Controversial new tool at core of classes

Apple Classroom sparks sweet and sour reactions from staff, students


Photo by Anthony Novak

Senior Annie Haubenreiser is caught using Snapchat during class.

Students this year may find it a little easier to stay on task on their iPads.

Apple Classroom is a new tool for teachers to monitor iPad use during their class. While students may view it as simply a method to prevent them from playing games, there is much more to it.

According to Apple, Classroom turns your iPad into a powerful teaching assistant, helping a teacher guide students through a lesson, see their progress, and keep them on track.

Ms. Maggie Miskowicz, director of instructional technology, says Apple Classroom originally came out in the spring of 2016, but at the time it was not a feasible option because it required a special server to host it. This year, an update meant teachers could enroll their own students without the host.

“I started looking into it and seeing what the possibilities of it were at the end of the school year last year, and then over the summer decided to introduce it to our faculty,” says Ms. Miskowicz.

The main goals of using Apple Classroom are keeping kids focused and saving class time. Apple Classroom allows teachers to navigate students’ iPads to pages on Safari and iBooks, as well as open apps in the entire classroom.

“If I want you to go to a very specific website when that website is hundreds of characters long, to navigate you just to that website is another good use,” says Ms. Miskowicz.

According to Apple, other features include viewing what apps students have open, locking students into a particular app to prevent distractions, and locking an iPad entirely when iPad use is not required.

Apple Classroom also allows teachers to project students’ iPad screens onto the classroom Apple TV-enabled SmartBoard using AirPlay, which Ms. Miskowicz says can be useful for projects.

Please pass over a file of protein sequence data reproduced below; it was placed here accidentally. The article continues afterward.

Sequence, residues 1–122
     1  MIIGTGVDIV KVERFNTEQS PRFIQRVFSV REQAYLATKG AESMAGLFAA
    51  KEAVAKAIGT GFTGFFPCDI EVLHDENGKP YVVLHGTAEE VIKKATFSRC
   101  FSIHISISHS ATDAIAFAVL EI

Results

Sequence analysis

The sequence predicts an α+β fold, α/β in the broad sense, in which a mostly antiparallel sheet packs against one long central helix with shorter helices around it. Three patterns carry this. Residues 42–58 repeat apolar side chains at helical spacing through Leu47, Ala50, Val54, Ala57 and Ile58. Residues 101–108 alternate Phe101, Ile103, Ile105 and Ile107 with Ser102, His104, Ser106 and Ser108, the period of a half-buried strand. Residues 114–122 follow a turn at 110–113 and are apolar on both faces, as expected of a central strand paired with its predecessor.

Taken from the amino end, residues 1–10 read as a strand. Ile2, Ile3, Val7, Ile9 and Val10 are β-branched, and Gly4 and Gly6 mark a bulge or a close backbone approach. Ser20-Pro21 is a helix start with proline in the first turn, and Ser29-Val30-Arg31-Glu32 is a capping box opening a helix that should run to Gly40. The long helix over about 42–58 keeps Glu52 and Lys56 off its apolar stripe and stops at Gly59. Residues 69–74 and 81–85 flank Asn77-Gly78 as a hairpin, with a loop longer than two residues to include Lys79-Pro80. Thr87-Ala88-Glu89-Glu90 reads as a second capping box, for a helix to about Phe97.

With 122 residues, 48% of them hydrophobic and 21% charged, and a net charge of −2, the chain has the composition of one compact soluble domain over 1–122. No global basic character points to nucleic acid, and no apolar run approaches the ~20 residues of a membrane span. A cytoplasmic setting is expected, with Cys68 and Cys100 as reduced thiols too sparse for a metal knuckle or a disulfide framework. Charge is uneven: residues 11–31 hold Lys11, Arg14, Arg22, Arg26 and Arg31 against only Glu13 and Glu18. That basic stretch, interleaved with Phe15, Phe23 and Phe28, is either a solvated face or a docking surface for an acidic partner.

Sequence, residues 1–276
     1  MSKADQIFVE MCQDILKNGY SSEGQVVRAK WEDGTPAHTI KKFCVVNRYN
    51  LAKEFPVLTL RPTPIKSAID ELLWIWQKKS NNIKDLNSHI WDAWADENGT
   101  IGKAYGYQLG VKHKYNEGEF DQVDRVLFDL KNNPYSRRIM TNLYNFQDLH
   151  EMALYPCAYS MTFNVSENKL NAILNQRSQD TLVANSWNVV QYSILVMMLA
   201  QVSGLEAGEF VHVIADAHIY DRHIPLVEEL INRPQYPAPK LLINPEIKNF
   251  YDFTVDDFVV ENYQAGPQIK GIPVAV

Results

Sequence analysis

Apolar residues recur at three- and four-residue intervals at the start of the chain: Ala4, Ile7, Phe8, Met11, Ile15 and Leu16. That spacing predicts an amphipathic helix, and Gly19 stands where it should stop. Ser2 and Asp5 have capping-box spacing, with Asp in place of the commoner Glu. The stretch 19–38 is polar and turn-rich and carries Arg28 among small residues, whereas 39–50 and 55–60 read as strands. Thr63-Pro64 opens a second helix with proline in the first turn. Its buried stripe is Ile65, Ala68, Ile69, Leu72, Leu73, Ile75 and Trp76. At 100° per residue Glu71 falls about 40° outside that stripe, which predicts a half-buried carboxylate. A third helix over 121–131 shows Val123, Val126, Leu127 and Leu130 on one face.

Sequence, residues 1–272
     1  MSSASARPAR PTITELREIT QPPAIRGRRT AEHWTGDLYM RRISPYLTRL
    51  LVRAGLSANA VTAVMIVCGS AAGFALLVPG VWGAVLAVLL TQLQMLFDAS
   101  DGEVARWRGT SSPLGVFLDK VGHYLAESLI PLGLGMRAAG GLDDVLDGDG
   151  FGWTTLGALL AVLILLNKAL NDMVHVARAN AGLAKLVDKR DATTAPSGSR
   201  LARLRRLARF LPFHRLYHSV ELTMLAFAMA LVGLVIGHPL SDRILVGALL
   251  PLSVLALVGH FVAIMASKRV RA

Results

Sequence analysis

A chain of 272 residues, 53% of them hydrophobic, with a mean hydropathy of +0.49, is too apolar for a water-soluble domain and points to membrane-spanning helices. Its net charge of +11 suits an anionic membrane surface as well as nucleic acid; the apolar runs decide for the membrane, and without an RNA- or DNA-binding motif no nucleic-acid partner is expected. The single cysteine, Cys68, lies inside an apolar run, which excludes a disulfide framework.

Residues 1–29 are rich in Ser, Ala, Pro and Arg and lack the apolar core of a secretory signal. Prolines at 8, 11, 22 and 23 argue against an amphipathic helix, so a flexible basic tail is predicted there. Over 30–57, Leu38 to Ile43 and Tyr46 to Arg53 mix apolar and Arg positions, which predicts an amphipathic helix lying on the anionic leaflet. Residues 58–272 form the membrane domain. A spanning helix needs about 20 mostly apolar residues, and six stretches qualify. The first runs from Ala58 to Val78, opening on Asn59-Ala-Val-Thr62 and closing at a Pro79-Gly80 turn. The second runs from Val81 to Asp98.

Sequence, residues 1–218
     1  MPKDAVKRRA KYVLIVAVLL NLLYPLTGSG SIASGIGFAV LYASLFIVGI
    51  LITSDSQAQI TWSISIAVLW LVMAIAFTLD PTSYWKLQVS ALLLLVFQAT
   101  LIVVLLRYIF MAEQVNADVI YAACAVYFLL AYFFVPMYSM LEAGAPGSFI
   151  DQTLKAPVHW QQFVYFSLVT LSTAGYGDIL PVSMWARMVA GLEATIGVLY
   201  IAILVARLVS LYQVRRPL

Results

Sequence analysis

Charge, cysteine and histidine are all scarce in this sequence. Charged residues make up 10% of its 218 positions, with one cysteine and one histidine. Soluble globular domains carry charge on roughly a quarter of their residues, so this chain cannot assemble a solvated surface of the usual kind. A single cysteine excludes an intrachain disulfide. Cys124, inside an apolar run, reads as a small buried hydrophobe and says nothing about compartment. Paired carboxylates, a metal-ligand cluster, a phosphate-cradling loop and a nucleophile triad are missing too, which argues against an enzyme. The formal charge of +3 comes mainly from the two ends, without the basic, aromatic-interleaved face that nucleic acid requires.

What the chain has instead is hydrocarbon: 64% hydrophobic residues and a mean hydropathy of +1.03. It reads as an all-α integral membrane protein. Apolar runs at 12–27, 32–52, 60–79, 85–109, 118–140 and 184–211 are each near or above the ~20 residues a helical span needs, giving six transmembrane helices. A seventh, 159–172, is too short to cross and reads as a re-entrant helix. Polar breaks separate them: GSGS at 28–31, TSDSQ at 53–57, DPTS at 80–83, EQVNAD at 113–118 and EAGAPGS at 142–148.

“Instead of spending time emailing it or sharing it, your teacher can just bring up your screen onto the projector,” says Ms. Miskowicz.

Another important feature is the ability for teachers to view the screens of students on their own iPad without physically taking the student’s iPad.

English teacher Ms. Jamey Miller found this helpful for her when she recently taught her students in Literature and Composition I Honors how to properly cite quotes. She was able to remotely view the freshmen’s iPads and correct their quotes in real time. She says this helped them to grasp the concept better than if she needed to collect the citations and grade them later, knowing that students may not read her markups.

“I found that to really be the most effective use of Apple Classroom so far,” says Ms. Miller.

Ms. Miller is not the only staff member who enjoys using Apple Classroom.

“Teachers love it,” says Ms. Miskowicz. “I get very positive reactions from teachers that use it.”

That’s not to say the process has been totally seamless. Some challenges include kids with older iPads who cannot update to the required software for Apple Classroom, students who are offline because they do not have an Internet or Bluetooth connection, and the battery draining that comes from using Bluetooth.

“Some of it is just trial and error at their point,” says Ms. Miller.

The program has been met with mixed reactions from students.

Freshman Austin Jones says, “Sure it’s a tool to organize class but teachers pretty much only use it to make sure we aren’t slacking.”

Sarah Schultz, also a freshman, agrees.

“It’s a good tool for education in moderation but violates our privacy,” says Schultz.

“I actually had a student write an entire essay about how it’s unfair that teachers use Apple Classroom, for my AP class,” says Ms. Miller.

Freshman Morgan Trunda thinks the addition of Apple Classroom prevents students from making their own decisions.

“If it’s our iPads, we should be able to do whatever we want because it’s only hurting us if we do other stuff,” says Trunda.

Both Ms. Miskowicz and Ms. Miller say that Apple Classroom is being used as an incentive to use iPads responsibly, rather than as a punishment.

“It’s not like an ‘I gotcha,’ but it’s kind of like a reminder for kids,” says Ms. Miskowicz.

“I try to use it more proactively rather than disciplinary,” says Ms. Miller.

Good or bad, Apple Classroom is here to stay.